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About This Multitrack
You can find the multitrack files for this project in the 'Mixing Secrets' Free Multitrack Download Library.

Before posting a mix, please read The Three Commandments!
Please post your mix as a new thread, rather than as a reply to this sticky.

This session was recorded my the Discussion Zone's very own mange, and here's some project info from him you might find useful...

"The choir is called Öjebokören, which consists of 17 singers divided into sopranos, altos, tenors, and basses. My plan with this project was to record them live in my room and add overdubs for each different voice. However, there were two different lines per voice, and I only had time to do four overdubs on the session (we recorded three songs), so I just did one overdub per voice. When I searched the net for information about recording live choir, I found this article and ended up using its 'best of both worlds' setup for the live takes for this session.

"I remembered this Dave Pensado video, and it inspired me not to pan the highest vocal parts widest, so I suggested to the choir leader that we put the bass and sopranos as centered as possible and the altos and tenors on each side. We also built a riser a so we could have the singers in two rows in front of the mics. (Here ́s an [url=
formations/]article about choir formations[/url], although nothing that looks like my idea! [Funnily enough, the jazz choir I sing in uses exactly that setup, so you're not the only one -- Mike S.])

"The mics I used were two Rode M5s as the spaced pair (about four meters apart), an AKG C3000 as Middle mic and an AKG P420 in figure-eight mode positioned straight over the C3000 as the Sides mic. The P420 was also used in omni mode for the overdubs. I used the Midas mic preamps in the Behringer X32, recording straight into my DAW system without any preprocessing."

On further note from me: mange provided the MS tracks in their original MS format, but I've decoded those to a traditional LR stereo file for the upload, using a -3dB Sides level. This doesn't affect the timbre at all, and if you'd like to adjust the MS balance you can easily do this with Voxengo's freeware cross-platform MSED plug-in, again without any audio artefacts. (Alternatively, you could set up a mono send from the stereo track, but without any plug-ins in the return channel. Mixing this return into your mix will increase the Mid level. To reduce the Mid level, just switch the polarity of the return channel.)

If you have any other general questions about this multitrack, just reply to this post.
Thanks Mike, your introduction is appreciated very much Smile

Pro Tools 12.7
-Mobile and static studios are ready :-)
'Mixing is pure subjective, once the 1st mix is launched it will be considered as the best, hence the standard'
(29-01-2016, 10:18 PM)Mike Senior Wrote: [Funnily enough, the jazz choir I sing in uses exactly that setup, so you're not the only one -- Mike S.]

How cool. I bet it was you and your audio engineering mind that led to it. So, when will we mix a classic from your choir?

(31-01-2016, 05:12 PM)mange Wrote:
(29-01-2016, 10:18 PM)Mike Senior Wrote: [Funnily enough, the jazz choir I sing in uses exactly that setup, so you're not the only one -- Mike S.]

How cool. I bet it was you and your audio engineering mind that led to it.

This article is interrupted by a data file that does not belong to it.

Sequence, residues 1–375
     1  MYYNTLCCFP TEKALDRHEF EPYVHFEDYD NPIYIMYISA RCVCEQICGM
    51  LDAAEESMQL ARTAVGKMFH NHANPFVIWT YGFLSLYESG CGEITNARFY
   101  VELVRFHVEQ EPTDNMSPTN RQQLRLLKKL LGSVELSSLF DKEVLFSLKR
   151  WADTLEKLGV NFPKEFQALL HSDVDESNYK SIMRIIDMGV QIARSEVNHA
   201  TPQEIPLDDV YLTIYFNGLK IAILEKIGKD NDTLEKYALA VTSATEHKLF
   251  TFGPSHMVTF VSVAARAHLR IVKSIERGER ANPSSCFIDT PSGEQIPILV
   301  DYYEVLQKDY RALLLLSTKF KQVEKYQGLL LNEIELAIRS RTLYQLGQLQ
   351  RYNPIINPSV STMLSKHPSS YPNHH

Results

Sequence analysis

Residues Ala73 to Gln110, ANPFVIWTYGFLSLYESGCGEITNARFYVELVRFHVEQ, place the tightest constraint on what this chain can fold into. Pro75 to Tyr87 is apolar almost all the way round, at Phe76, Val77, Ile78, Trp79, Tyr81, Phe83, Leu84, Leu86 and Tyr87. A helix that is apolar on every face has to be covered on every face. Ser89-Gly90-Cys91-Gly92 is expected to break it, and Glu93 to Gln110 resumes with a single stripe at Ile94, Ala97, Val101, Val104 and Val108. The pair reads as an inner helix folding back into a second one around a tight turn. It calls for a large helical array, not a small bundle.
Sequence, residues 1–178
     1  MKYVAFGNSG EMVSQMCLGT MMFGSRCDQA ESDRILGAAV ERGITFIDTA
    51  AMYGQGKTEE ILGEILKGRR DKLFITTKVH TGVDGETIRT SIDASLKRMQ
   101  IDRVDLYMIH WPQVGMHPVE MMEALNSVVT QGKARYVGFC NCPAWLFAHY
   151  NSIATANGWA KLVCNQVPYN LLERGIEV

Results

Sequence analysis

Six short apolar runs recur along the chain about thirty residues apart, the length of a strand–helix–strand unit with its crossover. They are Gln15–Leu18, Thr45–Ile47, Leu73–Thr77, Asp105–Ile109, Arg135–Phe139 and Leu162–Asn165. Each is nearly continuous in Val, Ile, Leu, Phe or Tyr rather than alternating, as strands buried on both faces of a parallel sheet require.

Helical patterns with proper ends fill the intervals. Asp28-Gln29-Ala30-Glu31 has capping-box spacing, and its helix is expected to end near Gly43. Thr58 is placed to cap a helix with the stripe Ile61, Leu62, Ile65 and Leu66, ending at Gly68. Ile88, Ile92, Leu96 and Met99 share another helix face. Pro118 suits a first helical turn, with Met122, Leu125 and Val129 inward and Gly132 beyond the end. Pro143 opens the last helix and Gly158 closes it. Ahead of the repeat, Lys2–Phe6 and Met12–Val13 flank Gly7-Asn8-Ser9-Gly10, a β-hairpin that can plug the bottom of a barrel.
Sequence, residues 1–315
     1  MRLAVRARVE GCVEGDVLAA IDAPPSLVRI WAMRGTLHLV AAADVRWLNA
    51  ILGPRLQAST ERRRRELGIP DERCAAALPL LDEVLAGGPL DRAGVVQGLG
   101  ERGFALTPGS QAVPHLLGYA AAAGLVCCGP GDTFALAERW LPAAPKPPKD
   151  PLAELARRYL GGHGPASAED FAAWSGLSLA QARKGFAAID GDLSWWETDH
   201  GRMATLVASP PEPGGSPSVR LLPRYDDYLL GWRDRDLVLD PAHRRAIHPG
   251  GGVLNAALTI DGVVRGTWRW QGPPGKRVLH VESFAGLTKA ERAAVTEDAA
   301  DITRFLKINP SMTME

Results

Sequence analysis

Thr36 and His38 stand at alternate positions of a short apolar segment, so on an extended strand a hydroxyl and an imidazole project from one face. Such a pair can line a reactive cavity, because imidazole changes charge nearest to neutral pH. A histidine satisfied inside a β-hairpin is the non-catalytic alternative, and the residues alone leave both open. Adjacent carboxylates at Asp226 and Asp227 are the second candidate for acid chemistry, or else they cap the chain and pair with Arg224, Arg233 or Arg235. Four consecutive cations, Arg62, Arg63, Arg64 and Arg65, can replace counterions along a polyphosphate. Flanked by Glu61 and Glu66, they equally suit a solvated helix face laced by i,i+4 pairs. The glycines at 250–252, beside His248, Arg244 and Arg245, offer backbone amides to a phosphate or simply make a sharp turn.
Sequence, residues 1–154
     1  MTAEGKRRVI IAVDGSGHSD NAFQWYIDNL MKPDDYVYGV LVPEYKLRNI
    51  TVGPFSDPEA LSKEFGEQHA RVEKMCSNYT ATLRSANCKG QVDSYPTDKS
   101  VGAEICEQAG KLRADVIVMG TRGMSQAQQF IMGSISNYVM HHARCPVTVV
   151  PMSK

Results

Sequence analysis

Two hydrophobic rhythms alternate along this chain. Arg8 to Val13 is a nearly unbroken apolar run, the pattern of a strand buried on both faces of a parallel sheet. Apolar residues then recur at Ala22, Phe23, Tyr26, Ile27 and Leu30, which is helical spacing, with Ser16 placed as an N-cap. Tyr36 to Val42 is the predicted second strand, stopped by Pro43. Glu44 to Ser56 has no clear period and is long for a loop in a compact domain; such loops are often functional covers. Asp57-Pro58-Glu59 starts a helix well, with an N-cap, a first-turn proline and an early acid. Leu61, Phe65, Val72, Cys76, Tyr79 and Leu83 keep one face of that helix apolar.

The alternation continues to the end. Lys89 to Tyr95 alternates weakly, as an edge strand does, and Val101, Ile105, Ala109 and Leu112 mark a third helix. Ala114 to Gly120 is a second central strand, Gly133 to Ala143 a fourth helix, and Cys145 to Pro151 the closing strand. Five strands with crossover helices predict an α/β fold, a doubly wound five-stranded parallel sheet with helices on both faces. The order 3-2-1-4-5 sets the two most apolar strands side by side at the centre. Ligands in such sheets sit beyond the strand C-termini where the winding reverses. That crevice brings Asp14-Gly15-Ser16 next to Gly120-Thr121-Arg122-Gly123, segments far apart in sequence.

Hah! I didn't have anything to do with it, actually -- I just sing with them. The choir director decides on the layout.

Quote: So, when will we mix a classic from your choir?

Bear with me -- haven't really recorded them in earnest yet myself (or at least not to my satisfaction -- I've always found capturing choirs rather challenging somehow!), but I've got plans with them for this year, so hopefully some of that'll pop up here in due course...

i'm interested in knowing the room size in order to get an understanding of both the ambiance captured by the microphones and to get a handle on the reflections...especially those captured by the stereo mikes. one of the interesting battles i had was losing the room signature (which we know is not entirely possible) to try and give a larger subjective illusion of space and depth.

this is a general observation, but i find it somewhat perplexing that people post gear lists and signal chains, yet THE most critical part of the signal chain is arguably the room and it's inherent acoustic properties dictated by it's shape, size, absorption/reflection characteristics and how it interferes with the recording, both directly and indirectly, yet it's rarely ever divulged. Mike's Spektakulatius recording is the only exception i've so far come across in the forum which also usefully included mic placement details - invaluable! i think that's a shame.

an interesting project overall, thanks for the multi, chaps.
Beware...........Cognitive Dissonance!
In my notes to Mike I had information about the room included. I did ask Mike to edit my post for overinformation,spelling and grammar.

Here´s the original section about the room.
Room is about 4.5 x 6 meters. Slightly less than 4 meters in height. Front wall is 5 meters so the short walls are not parallell. Floor is covered by broadloom (Never heard that word before). Backwall (6m) is covered by a regular stage backdrop curtain. Ceiling is thickely padded with “heat isolation” and covered by fabric. It´s also slightly tilted. The rest pretty much untreated. Room was originally built and used to overdub dialog for child cartoons.

and some more additional info..
I placed the choir with their backs close to the stage backdrop curtain.

For the livetake I had the piano in the PA in stereo. Should probably be better to have it in mono, possibly also from only one centered speaker. Next time. PA is placed with it´s backs to the wall facing the choir.